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Who Caused the SL-1 Nuclear Meltdown?

On January 3, 1961, a nuclear meltdown at Stationary Low-Power Plant Number 1 (SL-1) near Idaho Falls, Idaho, killed all three operators at the site: Jack Byrnes, Dick Legg, and Richard McKinley. They are, to this day, the only nuclear explosion fatalities on U.S. soil. The design of the facility, which provided power to the surrounding area, did not have the redundant fail-safe measures that newer reactors have. There were three control rods that had to be manually lifted, no more than four inches. Lifting only the central rod further would be enough to cause a meltdown -and that's what happened.

At 9:01 p.m., SL-1 exploded. “When the reactor went critical, it released so much heat energy in four milliseconds that it flashed the water surrounding the fuel to steam,” reads Stacy’s book. “[Water] slammed against the lid of the pressure vessel at a velocity of 160 feet per second and 10,000 pounds per square inch exactly as if it were a piston — a water hammer. The entire vessel jumped nine feet into the air, hit the ceiling, and thumped back into place…The violence of the explosion killed all three of the men.”

McKinley was struck in the head by a piece of radioactive shrapnel that tore off half his face. Byrnes was thrown into concrete blocks, breaking ribs that pierced his heart. Legg was skewered in the gut by a flying control rod that launched him thirteen feet in the air and pinned him to the ceiling. (It took a week to get him down, requiring a pole with a hook to push him into a net attached to a crane operated by a man shielded in lead.) The men’s bodies were wrapped in several hundred pounds of lead, placed in steel coffins, and buried under a foot of concrete.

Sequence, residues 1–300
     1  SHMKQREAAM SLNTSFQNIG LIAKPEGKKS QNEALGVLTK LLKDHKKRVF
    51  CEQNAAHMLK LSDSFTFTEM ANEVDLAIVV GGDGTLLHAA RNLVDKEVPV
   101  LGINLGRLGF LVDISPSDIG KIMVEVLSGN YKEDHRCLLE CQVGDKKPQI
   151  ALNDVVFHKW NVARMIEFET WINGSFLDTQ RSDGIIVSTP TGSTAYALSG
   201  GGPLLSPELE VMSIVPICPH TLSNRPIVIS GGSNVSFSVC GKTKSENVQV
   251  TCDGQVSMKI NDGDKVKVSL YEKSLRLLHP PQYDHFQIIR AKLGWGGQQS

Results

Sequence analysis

Investigators later tried to recreate the conditions leading to the meltdown. The central rod had been lifted over twenty inches, but no man could cause that to happen in any way that could be construed as accidental. Was it sabotage, suicide, or carelessness caused by anger? We know what happened at SL-1, but we will never know exactly why. However, details of the lives of the men who were there give us some clues, which you can find out about at Longreads.  -via Digg


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People seem to prefer to dismiss every accident as human error, so I naturally resist such explanations without strong evidence supporting them. It's the laziest of answers, and an easy out for those who desperately want one.

In this case, the official conclusion is that it was an accident, and there is a long history of issues at that facility (like rods sticking) which no doubt directly contributed to the accident, though we can't be sure how much, exactly. The evidence for intentional sabotage is very, very weak, and the evidence for problems with the reactor is significant. In fact experts refused to believe it was possible for a reactor to fail, finding alternate explanations for the explosion and deaths, until it was proven conclusively by subsequent investigation, and safeguards were put in place for all other reactors in the aftermath.

I'll continue to give the dead men every benefit of the doubt.
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